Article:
There were also some useful tips published on the strike's mastodon.


[what happened]
Ok, this is a report :D

_I woke up after a weird mild nightmare and opened instagram to distract myself. I immediately realised it's a no-insta day and closed it.
_I decided to use telegram during that day, but all other chats' notifications were off.
_I checked once a few things in case of emergency from a project I am currently working on - such as Slack.
_Also opened my Notes app to take a screenshot of my to-do list, which I forgot to add to the prep.
_Went to Varia where I enjoyed the rest of the day with the collective and it was easy to stay away from everything while being with all of them. :)

[some thoughts]
Here are some "free-writing" thoughts I had, while reflecting on the Counter Cloud Action Day:

_on chats
It's rather frustrating not to be able to be in touch with your friends like you're used to. Thinking of how much space do chats take from my day, even when I am really trying not to be there all the time, made me realise it is still a lot. I am also one of those people who get frustrated and anxious by phone calls. Not sure how and when it happened, but at some point, people calling me on the phone started making me super uncomfortable. I see part of that reason is the urgency to be available at that particular moment and the expectation (you imagine) of having to return the call asap as well. I somehow transported that anxiety to chats as well. Thus, I am now trying to fight the urgency of seeing the message immediately and responding as soon as possible. I now try to take my time and read/listen & respond in my own time. This is what I actually like about chats - being able to choose when to engage.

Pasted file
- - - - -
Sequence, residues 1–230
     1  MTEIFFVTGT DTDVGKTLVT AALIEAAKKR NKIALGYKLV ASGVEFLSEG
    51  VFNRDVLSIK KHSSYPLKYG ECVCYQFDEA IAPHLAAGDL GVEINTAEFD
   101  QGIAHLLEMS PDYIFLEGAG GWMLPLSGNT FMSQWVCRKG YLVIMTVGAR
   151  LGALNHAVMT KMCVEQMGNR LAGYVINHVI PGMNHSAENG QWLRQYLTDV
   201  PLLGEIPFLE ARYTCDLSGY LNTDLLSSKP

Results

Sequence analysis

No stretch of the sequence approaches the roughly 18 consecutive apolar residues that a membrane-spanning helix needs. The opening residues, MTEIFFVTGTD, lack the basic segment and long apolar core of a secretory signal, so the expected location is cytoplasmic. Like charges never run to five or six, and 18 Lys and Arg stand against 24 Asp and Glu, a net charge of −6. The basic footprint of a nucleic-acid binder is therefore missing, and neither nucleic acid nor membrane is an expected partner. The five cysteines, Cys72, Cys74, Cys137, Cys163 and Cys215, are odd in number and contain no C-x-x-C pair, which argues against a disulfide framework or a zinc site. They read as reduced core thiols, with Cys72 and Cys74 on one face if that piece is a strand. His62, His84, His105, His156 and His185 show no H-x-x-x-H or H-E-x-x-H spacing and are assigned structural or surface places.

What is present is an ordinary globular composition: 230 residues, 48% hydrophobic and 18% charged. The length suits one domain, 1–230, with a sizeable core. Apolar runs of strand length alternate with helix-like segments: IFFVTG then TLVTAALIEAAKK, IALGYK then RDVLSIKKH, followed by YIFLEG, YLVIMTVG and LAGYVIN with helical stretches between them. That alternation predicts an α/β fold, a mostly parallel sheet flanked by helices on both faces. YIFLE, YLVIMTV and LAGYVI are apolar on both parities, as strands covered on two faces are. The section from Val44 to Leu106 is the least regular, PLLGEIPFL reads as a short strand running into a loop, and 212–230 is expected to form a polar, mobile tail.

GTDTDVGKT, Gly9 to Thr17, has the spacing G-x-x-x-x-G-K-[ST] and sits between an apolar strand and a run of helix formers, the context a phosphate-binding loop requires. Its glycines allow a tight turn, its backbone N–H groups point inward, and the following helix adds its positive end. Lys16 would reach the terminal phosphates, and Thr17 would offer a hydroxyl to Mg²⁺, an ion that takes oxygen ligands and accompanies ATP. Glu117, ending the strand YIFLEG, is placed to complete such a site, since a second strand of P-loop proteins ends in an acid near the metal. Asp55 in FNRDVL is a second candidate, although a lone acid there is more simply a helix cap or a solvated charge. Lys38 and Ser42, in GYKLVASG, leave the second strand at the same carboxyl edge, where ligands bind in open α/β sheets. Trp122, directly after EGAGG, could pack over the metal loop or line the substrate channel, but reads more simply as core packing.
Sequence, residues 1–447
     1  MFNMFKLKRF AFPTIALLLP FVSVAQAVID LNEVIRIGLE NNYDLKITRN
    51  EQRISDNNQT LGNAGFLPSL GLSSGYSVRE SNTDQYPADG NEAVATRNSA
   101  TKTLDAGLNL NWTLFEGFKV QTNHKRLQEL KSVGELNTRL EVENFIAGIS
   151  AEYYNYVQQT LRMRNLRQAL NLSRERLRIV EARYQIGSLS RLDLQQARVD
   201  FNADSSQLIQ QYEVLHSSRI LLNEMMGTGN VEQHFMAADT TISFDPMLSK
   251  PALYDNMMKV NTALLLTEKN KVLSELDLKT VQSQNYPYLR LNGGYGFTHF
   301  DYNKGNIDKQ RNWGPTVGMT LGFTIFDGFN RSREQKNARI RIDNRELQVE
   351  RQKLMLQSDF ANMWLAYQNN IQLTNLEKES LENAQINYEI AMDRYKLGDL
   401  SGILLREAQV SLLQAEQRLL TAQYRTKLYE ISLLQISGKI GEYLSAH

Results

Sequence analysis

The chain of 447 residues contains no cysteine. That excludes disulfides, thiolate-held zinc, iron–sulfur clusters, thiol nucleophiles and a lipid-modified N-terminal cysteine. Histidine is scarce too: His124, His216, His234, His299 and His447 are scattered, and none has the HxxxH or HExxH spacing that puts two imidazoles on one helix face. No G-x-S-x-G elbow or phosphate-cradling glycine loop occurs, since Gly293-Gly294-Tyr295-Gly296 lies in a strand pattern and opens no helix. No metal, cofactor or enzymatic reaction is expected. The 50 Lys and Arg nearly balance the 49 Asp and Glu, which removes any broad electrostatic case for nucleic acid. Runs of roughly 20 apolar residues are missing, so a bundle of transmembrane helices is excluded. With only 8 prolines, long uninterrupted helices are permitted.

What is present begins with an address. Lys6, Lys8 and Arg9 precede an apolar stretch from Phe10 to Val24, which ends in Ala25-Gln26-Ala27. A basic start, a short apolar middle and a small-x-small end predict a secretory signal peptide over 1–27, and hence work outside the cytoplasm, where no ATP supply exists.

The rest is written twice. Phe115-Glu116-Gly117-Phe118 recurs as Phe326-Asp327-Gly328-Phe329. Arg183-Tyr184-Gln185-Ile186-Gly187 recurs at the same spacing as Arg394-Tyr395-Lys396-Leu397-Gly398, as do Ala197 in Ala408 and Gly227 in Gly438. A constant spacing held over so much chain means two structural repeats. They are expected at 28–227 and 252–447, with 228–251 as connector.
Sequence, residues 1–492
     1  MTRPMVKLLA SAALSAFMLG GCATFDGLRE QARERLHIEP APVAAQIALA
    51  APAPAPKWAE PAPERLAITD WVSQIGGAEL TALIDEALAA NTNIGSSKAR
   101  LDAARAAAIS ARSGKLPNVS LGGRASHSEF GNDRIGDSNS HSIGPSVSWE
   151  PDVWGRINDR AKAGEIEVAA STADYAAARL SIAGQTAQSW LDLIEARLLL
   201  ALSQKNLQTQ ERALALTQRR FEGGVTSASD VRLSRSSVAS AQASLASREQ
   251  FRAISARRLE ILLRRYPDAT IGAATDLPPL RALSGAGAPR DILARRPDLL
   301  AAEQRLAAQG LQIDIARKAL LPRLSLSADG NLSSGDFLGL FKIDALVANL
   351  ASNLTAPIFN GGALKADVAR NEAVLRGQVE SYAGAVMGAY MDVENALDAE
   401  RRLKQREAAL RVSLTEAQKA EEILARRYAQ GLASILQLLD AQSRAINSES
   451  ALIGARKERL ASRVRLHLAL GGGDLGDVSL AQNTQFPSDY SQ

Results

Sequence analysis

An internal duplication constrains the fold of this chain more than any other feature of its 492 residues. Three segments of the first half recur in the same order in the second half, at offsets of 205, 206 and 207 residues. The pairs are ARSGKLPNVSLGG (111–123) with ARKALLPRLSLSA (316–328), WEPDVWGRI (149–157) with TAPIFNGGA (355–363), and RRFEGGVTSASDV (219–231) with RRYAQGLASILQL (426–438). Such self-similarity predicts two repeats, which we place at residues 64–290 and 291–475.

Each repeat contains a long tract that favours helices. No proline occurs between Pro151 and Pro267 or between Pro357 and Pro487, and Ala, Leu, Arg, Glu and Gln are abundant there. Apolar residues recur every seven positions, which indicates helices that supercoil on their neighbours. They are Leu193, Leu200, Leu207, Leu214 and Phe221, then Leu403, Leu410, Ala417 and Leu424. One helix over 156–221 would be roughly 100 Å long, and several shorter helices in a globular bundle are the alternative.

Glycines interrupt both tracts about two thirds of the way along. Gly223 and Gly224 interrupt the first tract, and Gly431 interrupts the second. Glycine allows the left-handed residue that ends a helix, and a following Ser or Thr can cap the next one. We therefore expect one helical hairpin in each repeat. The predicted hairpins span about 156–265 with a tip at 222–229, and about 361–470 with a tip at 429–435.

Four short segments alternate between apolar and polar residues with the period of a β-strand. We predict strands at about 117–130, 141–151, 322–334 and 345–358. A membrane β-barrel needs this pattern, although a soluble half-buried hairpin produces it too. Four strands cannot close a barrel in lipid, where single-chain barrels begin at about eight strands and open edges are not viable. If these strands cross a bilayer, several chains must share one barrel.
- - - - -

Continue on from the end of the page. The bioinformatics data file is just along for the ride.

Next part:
Anyways, I was also thinking about how can I optimise my usage of chats, so I can still be there but not have ignorant behaviour. For me, it means that whenever I am sending content over the chat, I should delete it (from its cloud) as soon as I don't need it there anymore. I went through my telegram, where I am most active, and deleted tons of photos, videos and files I was sending or receiving there.

_on social media
10 years ago I was on fire on social media. It was my job to be there and I loved it, it was still an exciting thing for me. 10 years later (now), I hate it, haha! Yes, I feel absolutely exhausted from it and cannot find any energy left to maintain an active presence on any of the popular networks. That also makes it quite hard for me to feel "relevant" and to share my work. But I am still a passive observer. I still have my instagram routine for scrolling there before falling asleep and I enjoy it.